Global audience for Chinese language picture books

By Liu Zhihua ( China Daily ) Updated: 2014-12-03 07:11:33

Global audience for Chinese language picture books

Some of the books that won the Feng Zikai Picture Book Award in the past few years. Photo Provided to China Daily

Competition has heated up as an international award highlights the best of Chinese-language picture books for children. Liu Zhihua reports.

Chinese-language picture books, with delicate drawings and stories for children, are attracting global attention for their quality.

Applications for the fourth annual Feng Zikai Picture Book Award will open on Jan 1 and close on Feb 28, the organizing committee announced last week in Beijing. The award is the only international literary honor for original Chinese-language children's picture books.

The writers and illustrators of the winning book will once again take home a total of $20,000. The organizer also buys 3,000 copies of the winning book to donate to schools to promote reading.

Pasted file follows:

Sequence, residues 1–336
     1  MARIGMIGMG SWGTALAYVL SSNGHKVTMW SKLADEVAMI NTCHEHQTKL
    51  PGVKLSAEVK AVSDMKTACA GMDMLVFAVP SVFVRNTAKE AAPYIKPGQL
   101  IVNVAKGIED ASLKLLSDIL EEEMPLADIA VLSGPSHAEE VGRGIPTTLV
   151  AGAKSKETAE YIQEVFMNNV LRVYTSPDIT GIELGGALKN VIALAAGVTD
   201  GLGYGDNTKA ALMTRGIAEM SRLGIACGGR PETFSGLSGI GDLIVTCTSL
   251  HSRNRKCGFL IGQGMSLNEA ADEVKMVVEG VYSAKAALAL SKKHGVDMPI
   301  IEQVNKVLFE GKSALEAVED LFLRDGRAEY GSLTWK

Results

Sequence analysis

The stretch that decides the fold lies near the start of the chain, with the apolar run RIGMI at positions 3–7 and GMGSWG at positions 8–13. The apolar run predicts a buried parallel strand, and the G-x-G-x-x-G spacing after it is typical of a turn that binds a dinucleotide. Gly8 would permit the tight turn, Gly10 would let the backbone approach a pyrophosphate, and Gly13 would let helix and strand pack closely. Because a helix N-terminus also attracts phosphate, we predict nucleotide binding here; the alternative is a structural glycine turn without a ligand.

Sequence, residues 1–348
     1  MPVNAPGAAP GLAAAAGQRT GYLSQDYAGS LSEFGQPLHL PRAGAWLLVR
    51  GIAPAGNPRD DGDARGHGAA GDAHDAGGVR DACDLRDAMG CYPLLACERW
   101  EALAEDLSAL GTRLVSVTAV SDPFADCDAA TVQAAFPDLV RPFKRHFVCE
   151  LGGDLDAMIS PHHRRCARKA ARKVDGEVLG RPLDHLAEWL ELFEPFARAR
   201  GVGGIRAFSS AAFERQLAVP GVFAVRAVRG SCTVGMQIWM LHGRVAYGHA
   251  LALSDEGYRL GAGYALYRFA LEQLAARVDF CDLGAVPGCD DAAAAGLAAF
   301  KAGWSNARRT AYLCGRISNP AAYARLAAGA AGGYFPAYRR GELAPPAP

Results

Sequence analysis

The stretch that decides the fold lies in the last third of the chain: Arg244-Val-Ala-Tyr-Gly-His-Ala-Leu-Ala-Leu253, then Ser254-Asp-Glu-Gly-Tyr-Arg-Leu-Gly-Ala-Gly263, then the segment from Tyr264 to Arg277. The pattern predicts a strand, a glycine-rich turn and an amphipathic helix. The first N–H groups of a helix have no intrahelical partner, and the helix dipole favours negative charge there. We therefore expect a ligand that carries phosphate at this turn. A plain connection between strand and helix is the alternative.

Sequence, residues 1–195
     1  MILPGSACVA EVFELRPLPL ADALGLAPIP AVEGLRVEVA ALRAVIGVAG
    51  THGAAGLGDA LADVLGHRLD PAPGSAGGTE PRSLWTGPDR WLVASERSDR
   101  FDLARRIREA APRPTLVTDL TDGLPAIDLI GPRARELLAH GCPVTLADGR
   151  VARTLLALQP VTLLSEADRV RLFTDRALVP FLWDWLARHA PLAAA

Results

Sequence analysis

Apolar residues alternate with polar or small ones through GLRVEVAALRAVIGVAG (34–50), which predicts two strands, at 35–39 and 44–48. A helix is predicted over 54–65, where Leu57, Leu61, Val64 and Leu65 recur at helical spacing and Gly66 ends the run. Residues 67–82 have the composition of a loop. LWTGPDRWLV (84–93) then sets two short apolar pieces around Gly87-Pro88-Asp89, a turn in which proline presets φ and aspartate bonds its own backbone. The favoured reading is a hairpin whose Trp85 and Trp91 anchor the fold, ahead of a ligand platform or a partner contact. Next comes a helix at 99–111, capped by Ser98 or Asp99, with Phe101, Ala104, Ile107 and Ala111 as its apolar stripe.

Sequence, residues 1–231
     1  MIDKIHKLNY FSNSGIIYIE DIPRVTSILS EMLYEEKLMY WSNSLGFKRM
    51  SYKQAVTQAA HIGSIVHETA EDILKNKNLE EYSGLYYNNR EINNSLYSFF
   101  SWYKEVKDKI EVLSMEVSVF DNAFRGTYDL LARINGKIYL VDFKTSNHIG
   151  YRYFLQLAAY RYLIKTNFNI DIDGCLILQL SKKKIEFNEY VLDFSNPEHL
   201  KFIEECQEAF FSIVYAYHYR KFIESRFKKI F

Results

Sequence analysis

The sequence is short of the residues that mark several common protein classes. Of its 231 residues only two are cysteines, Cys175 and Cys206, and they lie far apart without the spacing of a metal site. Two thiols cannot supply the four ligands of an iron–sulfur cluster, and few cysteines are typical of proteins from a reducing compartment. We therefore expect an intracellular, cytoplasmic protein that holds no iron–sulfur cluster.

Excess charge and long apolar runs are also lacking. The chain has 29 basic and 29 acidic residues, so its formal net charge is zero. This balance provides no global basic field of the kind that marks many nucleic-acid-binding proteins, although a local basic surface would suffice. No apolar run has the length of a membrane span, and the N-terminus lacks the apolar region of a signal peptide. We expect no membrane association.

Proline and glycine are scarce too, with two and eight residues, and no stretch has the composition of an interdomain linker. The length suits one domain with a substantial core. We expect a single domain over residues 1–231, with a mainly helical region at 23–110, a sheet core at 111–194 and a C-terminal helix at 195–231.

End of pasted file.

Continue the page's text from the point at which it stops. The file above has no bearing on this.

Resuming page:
Writers and illustrators of each of four runner-up books will share $5,000 this year.

The biennial award began in 2009, and any picture book for children aged from3 to 12 that first published in Chinese in the two years before the award year is eligible, regardless of where it was first published.

"The board feels it's necessary to encourage writers and illustrators to create quality original Chinese picture books for children," says Fok Yuk-ying, a consultant to the Feng Zikai board since 2007.

"It also wants to encourage publishers to produce original Chinese-language children's picture books, and to engage the public to value and read them."

Hong Kong-based Chen Yet-sen Family Foundation, a charity established in 2003 that promotes reading and the building of libraries for children in rural China and Africa, decided to sponsor the award in 2007. Its treasurer, Daisy Chen, had noticed her grandchildren burying their heads in picture books, but most of them were translated versions that often lost certain features and originality, says Fok, who is also assistant professor of literature and cultural studies at the Hong Kong Institute of Education.

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